[A revised and improved version of this essay appears in my book The Eleventh Doctor: a critical ramble through Matt Smith’s tenure in Doctor Who.]
Episode six rolls around (and, hey, that was the name of the band that Ian Gillan and Roger Glover were in before they joined Deep Purple): we find out how the Doctor responds to Amy’s ill-judged overtures at the end of Flesh and Stone, and how he deals with vampires.
It’s not the first time that the Doctor has encountered vampires — they featured in both State of Decay (Fourth Doctor) and arguably The Curse of Fenric (Seventh Doctor), but I’ve never seen either of those. (I don’t count the “haemovore” from Smith and Jones, as she exhibits none of the standard vampire attributes.) So this was effectively a first for me.
Vampires are an interesting choice to follow on from the weeping angels of The Time of Angels/Flesh and Stone, because like the angels they follow well-established rules. Everyone knows how vampires work: they can’t stand daylight, garlic or the sight of a cross, they can only be killed by a stake to the heart, and so on. Because of this, vampire stories — like the first weeping angel story, Blink — resemble puzzles: the pieces are laid out on the board, their capabilities are known and understood, and we have to figure out a way to check-mate in 45 minutes. Done well, this kind of story can be a tour de force; on the other hand, countless Hammer Horror films show that they can also be hack work of the lowest order, with the Vampire Rules standing in as a shoddy substitute for, rather than the motor of, plot. So, how did Vampires in Venice stand up?
[Not wholly relevant aside: for the last week or two, Fiona and I have been watching and enjoying the first series of House, an American hospital drama with elements of comedy, mostly due to Hugh Laurie’s impossibly ascerbic portrayal of the eponymous lead. Every episode follows much the same pattern: a patient is admitted with a mysterious set of symptoms which cannot be diagnosed. Initial and sometimes subsequent treatments make the illness worse or introduce deleterious side-effects until an insight shows the true cause, and the patient is cured. One of the things that makes this show fun to watch is that around the time that the first unsuccessful treatment causes more problems, I always say, “Oh, I think I know what it is!”, and Fiona always — I mean, literally, pretty much always — fails to recognise that I am about to say that the cause is: vampires. Seriously. I have done this in every single one of the first eleven episodes, and she has fallen for it on every occasion but one. That is a 91% hit-rate, folks! That is quality wifing.]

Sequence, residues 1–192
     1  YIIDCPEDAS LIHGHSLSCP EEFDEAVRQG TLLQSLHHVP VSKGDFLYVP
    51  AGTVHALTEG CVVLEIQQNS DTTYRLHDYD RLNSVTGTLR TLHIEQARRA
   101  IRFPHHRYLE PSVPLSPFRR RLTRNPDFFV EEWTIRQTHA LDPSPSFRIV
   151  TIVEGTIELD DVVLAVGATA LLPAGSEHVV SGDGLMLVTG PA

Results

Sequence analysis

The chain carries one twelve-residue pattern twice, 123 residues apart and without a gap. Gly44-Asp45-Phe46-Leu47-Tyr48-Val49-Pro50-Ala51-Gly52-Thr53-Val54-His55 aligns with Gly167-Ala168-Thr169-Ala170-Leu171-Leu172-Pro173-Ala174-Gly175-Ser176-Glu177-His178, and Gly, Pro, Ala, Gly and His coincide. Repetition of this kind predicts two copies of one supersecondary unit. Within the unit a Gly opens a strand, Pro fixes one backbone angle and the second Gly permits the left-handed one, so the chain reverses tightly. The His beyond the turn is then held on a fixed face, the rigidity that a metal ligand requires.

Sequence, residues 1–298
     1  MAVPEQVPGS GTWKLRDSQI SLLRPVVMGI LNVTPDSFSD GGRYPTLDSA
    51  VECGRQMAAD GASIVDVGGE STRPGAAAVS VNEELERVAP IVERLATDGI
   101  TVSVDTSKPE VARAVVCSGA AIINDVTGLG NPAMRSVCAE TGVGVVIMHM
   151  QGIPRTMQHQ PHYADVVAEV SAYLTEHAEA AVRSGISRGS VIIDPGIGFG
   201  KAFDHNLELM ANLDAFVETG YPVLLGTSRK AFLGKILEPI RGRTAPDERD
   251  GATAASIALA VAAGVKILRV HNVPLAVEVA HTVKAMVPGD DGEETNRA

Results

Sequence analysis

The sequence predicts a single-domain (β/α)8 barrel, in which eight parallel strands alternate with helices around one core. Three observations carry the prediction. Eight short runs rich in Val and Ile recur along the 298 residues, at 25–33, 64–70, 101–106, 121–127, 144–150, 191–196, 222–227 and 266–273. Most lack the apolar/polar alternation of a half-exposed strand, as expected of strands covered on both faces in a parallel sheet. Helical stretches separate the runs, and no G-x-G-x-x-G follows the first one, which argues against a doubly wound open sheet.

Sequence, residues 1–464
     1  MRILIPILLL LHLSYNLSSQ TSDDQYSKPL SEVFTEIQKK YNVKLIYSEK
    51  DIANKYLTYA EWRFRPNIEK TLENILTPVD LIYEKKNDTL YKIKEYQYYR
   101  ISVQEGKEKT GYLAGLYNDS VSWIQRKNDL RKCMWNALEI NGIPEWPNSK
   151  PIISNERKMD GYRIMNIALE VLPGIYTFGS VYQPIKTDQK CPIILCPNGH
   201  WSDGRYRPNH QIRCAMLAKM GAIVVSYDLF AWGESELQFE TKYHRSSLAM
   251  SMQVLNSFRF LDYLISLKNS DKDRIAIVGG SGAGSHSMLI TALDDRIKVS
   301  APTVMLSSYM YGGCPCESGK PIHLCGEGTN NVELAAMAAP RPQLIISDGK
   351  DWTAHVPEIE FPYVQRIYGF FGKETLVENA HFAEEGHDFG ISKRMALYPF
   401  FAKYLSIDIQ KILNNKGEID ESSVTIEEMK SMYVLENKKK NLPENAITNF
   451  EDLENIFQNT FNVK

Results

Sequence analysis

Warning: not particularly surprising spoiler coming up.
So if you don’t want to read the spoiler, scroll down to the next picture and pick up from there. Actually, come to think of it, the picture is spoilery, too, so if you don’t want to have the unsurprising surprise spoiled for you, you’d better just go.
Still here? OK, then.
Turns out that in Vampires of Venice, the vampires are not vampires. They are aliens using perception filters to appear human, and when they exhibit their eating-people tendencies, they appear like vampires. (The Doctor describes the aliens’ true form as being “big fish” but they appear more like arthropods. Surely the Doctor can’t be one of those appalling pre-cladistic taxonomists who classify organisms according to gross resemblance rather than commonality of descent? I guess not, since there’s not even a gross resemblance to any non-tetrapodan gnathostome I’ve ever seen. Oh well.)
I have mixed feelings about this. It’s done well, and makes the premise more science-fictiony (whatever Terry Pratchett might say), which is more in keeping with the Doctor Who approach. But part of me wishes that this episode had had the, oh, what’s that Jewish word?, to stick with actual vampires. Vampires whose strengths and weaknesses we know, and can think through, and reach conclusions. (Oh, yeah: chutzpah. That’s what I was thinking of. That’s Jewish, right?)
On the positive side, the not-actual-vampires-ness of the vampires does open the door for a rather neat science-fictional explanation of why they can’t be seen in mirrors. It never becomes clear whether a stake through the heart will kill them (though, as Buffy observes in an episode that eludes me for the moment, you’d be amazed at how many kinds of bad guy that works for.)